ADVANCED REVIEW: ‘Entropy,’ Issue #1

Reading Time: 2 minutes

Entropy #1

Entropy #1 is written by Christopher Priest, illustrated by Montos, colored by Bryan Valenza, and lettered by Willie Schuber. It’s published by Heavy Metal Entertainment. Henry Hanks is fairly well off as he and his wife Mercedes, along with their daughter Nicolette, live in a standard suburban neighborhood. However, one day Henry is approached by the cosmic god known as Kako, who transforms him into his herald. Now possessing ultimate power but separated from his family, Henry travels the cosmos while struggling to come to terms with his newfound existence.

Heavy Metal’s dabbled in different genres over the years regarding its publishing arm. There’s the World War II zombie epic Cold Dead War and the Japanese-inspired fantasy The Boy Who Conquered A Mountain. Entropy is the publisher’s foray into the superhero genre — or rather the supervillain genre, as Kako is intended to be the arch-foe of Heavy Metal’s cosmic warrior Taarna.

Priest has quite the experience with supervillains, having written a critically acclaimed run for Deathstroke and tackling Black Adam for DC. But he also has a talent for making his characters layered and compelling, whether hero or villain, and that trend continues with Henry. After all, this is a man who seemingly had a normal life and was remade into the herald for a cosmic force of destruction. Priest doesn’t shy away from how this takes a toll on Henry’s mental state; he’s often shown floating through the void of space, curled in the fetal position. That’s saying nothing of the final page, which has a major plot twist that promises to fuel future issues.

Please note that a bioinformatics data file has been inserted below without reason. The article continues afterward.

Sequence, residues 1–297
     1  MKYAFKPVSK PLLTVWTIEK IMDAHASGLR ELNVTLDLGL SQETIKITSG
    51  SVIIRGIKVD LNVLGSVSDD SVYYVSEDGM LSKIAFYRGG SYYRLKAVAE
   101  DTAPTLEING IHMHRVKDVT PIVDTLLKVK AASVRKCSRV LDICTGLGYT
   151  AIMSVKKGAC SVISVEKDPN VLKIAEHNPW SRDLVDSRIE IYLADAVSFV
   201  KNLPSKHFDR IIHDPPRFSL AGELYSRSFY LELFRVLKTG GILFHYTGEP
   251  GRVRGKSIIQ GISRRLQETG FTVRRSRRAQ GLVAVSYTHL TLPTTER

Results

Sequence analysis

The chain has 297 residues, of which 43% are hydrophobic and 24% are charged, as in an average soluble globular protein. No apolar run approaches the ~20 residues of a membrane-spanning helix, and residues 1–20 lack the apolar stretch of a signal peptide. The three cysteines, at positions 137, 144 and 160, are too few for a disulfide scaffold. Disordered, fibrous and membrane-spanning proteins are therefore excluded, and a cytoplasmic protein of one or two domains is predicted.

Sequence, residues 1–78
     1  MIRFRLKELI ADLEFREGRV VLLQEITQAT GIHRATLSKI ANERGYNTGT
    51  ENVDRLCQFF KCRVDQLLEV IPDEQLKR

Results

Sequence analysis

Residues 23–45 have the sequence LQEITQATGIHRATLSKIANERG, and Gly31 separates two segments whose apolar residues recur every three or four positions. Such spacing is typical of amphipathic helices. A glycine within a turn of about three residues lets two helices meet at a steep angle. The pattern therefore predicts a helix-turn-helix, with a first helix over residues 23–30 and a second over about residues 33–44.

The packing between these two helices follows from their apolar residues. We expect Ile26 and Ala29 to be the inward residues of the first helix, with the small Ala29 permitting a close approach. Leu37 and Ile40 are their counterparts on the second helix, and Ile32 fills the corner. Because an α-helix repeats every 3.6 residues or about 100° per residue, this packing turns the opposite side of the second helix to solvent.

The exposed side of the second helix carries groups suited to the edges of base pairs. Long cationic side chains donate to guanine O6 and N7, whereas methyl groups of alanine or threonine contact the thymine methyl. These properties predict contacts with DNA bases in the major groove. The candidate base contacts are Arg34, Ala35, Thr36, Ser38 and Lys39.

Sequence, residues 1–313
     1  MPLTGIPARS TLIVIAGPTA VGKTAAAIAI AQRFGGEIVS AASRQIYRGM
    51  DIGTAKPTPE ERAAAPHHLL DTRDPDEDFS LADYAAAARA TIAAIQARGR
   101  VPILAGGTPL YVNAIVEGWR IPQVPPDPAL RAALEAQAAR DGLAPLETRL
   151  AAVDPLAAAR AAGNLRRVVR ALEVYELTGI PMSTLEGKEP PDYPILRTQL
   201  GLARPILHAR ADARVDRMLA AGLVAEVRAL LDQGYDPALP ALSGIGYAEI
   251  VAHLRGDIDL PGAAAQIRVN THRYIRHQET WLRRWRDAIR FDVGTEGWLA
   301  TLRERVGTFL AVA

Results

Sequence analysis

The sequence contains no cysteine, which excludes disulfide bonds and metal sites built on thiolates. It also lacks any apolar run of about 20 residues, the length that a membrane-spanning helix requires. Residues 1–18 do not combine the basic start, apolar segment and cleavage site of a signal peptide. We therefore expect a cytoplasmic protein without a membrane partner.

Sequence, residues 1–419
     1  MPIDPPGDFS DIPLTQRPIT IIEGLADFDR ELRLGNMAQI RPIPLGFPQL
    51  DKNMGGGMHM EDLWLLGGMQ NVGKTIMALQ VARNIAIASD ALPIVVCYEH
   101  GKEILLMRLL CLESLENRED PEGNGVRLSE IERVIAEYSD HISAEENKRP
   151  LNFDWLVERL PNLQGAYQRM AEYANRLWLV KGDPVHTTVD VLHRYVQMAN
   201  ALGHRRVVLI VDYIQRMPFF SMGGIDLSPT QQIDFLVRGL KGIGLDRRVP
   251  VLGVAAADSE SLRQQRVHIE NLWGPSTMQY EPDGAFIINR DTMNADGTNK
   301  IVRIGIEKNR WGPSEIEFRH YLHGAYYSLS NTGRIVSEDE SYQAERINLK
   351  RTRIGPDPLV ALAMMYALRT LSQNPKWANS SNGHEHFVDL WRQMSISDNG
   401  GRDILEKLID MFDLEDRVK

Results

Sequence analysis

Montos delivers some artwork that can be called “mind-melting” in every sense of the word. Through a series of pages, he dedicates whole panels to Henry’s entire world being disintegrated, and Henry slowly decomposes as he spirals into the black, empty void of space. Debates have raged in the geek world about whether space or the ocean is the better venue for horror, and Montos makes a strong case for the former with images of half-broken planets and derelict spaceships.

It’s beautiful but utterly haunting — especially when paired with Valenza’s colors. Jet black collides with bright green, providing a twisted take on the Green Lantern mythos. And in another homage to the DC Universe, Schuber inserts a panel that simply reads “Kako Is.” Not only is this a reference to Tom King and Mitch Gerards’ Mister Miracle maxiseries — particularly its description of the New God Darkseid — but it also shows the immense dread that Kako leaves in his wake. And that’s from one single sentence.

Entropy #1 serves as a supervillain origin story, as well as a well-crafted cosmic tragedy that builds out the universe of its flagship character Taarna. Heavy Metal is turning out some of the most interesting comics on the stands, and this series is proof of that. I highly recommend picking it up if you want a fresh take on the superhero genre or if shows like The Boys and Super Crooks spoke to you.

Entropy #1 will be available wherever comics are sold on July 6, 2022.


Entropy #1
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TL;DR

Entropy #1 serves as a supervillain origin story, as well as a well-crafted cosmic tragedy that builds out the universe of its flagship character Taarna. Heavy Metal is turning out some of the most interesting comics on the stands, and this series is proof of that. I highly recommend picking it up if you want a fresh take on the superhero genre or if shows like The Boys and Super Crooks spoke to you.

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